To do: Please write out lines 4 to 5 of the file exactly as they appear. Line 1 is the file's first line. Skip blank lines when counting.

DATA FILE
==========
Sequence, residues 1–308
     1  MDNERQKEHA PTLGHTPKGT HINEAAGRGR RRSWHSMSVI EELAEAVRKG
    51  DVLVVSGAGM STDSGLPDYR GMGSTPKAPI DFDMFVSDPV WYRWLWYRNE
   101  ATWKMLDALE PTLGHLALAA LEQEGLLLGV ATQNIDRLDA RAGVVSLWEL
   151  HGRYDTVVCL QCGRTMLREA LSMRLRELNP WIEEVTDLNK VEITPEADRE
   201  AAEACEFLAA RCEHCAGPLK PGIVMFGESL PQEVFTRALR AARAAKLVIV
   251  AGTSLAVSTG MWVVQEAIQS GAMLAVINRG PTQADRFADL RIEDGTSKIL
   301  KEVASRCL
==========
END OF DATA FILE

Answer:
   101  ATWKMLDALE PTLGHLALAA LEQEGLLLGV ATQNIDRLDA RAGVVSLWEL
   151  HGRYDTVVCL QCGRTMLREA LSMRLRELNP WIEEVTDLNK VEITPEADRE